So many of the horse blogs I read have been suffering this summer, and the same has been true of my own
Thankfully I have been out riding and learning a lot. Unfortunately, not everything I learned has been good. A couple weeks ago I found out that Richard Caldwell, one of my all time favorite horsemen, passed away. I had only read his articles and seen his DVDs, but I was looking forward to seeing him in person some year. It is sad that myself and others wont get the chance to see him. But he has left a fantastic legacy, and from what I can gather he led a truly wonderful life.
In searching for additional information on Caldwell, I came across an interesting thread in a forum. It was not about Caldwell, but he did come up from time to time in the conversation. If you are interested in Vaquero horsemanship, it is definitely worth the read. I took a number of things away from it, but the biggest one was something I already knew.
It’s always the hind end.
Always. If you are like me, you’ve read that all over the place. It is the main point in Buck’s wonderful introduction to True Horsemanship Through Feel. Martin Black and others will say it is the reason your horse backs up slow and crooked. Betty Staley argues (via Tom Dorrance) the hindquarters are the key to a happy and balanced horse. Missing your leads? It’s the hind end. And on and on.
But the actual practice of this has been a hard thing for me to grasp, but I finally got a little bit closer thanks to that forum. The realization came through a discussion about a horse walking a circle and bulging out through the shoulder. My inclination in these instances is always to block the shoulder. But that doesn’t work for a number of reasons. The big one is that if you’re riding well, you’ve already got your leg there. So you can’t block any more. You could kick the horse to get them to move over, but that isn’t really going to help them through the issue.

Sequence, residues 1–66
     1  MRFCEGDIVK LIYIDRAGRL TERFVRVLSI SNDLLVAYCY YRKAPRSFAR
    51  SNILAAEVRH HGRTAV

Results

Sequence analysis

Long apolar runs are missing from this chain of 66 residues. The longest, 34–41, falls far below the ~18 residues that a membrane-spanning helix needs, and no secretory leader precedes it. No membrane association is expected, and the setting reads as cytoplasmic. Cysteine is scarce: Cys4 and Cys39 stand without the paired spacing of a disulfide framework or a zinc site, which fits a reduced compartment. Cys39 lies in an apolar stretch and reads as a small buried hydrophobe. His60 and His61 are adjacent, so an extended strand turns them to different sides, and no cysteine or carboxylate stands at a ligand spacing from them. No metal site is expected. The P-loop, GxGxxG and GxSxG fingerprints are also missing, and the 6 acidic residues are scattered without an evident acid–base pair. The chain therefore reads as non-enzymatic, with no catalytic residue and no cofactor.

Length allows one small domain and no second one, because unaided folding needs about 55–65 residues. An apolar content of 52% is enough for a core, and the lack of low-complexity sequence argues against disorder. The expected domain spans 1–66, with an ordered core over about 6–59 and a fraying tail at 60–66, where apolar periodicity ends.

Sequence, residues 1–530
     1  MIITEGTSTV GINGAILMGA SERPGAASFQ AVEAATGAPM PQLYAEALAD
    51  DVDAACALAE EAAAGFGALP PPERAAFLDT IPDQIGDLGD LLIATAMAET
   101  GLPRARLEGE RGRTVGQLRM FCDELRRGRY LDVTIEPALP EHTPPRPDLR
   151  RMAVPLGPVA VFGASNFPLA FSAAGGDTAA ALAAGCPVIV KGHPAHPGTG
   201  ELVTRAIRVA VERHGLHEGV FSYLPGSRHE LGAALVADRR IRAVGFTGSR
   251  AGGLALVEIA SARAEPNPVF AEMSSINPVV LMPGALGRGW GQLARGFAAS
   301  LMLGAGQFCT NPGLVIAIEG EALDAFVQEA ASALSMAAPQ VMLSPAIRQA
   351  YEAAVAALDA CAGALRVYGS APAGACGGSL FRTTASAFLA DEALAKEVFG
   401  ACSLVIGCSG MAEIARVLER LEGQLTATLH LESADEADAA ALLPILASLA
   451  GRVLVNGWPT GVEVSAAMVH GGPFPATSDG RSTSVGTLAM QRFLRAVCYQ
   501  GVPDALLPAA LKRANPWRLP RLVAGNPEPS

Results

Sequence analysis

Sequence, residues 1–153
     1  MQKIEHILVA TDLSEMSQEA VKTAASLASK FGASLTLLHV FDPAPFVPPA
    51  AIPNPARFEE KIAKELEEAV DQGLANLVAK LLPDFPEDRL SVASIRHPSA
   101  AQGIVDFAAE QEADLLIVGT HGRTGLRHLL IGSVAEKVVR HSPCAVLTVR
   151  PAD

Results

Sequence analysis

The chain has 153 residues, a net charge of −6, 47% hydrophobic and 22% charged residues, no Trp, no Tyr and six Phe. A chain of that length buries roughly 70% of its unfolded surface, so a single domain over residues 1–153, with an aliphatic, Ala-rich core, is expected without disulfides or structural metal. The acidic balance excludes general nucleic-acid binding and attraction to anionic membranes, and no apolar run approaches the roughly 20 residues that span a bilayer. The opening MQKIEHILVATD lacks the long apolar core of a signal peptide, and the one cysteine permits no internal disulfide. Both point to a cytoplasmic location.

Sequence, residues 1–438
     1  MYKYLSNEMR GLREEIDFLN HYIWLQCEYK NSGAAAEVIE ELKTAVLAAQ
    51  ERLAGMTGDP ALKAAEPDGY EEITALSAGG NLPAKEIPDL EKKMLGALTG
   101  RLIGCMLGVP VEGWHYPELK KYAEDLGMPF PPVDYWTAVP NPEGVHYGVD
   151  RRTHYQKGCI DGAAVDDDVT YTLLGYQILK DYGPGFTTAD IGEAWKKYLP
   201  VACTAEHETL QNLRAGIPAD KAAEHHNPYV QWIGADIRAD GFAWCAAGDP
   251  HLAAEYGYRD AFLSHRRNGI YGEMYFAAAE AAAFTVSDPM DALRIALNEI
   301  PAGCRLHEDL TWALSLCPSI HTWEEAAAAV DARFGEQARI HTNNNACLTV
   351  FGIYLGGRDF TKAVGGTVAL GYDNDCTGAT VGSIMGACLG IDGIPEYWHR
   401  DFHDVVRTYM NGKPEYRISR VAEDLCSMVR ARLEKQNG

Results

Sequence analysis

Instead, a very knowledgeable contributor to the thread suggested you manipulate the hind end a little more. If they’re pushing through that outside shoulder, they are too stiff in the hind and driving through the edge of that circle. If you shape that hind into more of a bend with your inside leg, the horse loosens through the loin and gets right back on track.
I tried it, and it worked amazingly well. It also helped me make considerable progress on a long term problem Bear and I have: weaving down the strip. When this problem would come up I would try to keep his momentum up and block his shoulders and neck with my legs and reins. On Tuesday we were riding alone and he started weaving. I gently reached back and tipped his hind end over to line him back up. The same thing happened again while going down a hill. Usually I would struggle to keep him in a line because I always like to give him his head on the downhills, but this time I tipped his hind over and solved the problem instantly. The other great thing is Bear was more than happy to oblige.
While riding Laredo over the weekend I was able to keep our circles at the lope nice and even despite his desire to lean towards Steen at a particular spot in the circle. A little push on the hind and things cleared right up.
When I first started riding horses I was basically riding their head and neck. Coming from cycling, I thought you could just line up the horse’s head as if they were a pair of handlebars and voila, off you went.
Obviously that is not the way it works, and as I get deeper into this horsemanship business I am realizing you ride the whole horse, but you start with the very back of that horse.
I remember watching Richard Caldwell’s Jaquima a Freno (Part II) a few months ago and seeing him ride a young hackamore horse in a circle. He would drift that horse through turns, affecting the hind end and briefly two tracking him, then get him going in a nice circle again. I tried working on that earlier this summer and had things just fall apart. It was just another example of knowing, from an intellectual standpoint, that I needed to manipulate that hind end but not being able to physically make it happen. Now I’ve got circles working better than I ever have.
Soft hands and perfect circles. You will be greatly missed, Richard.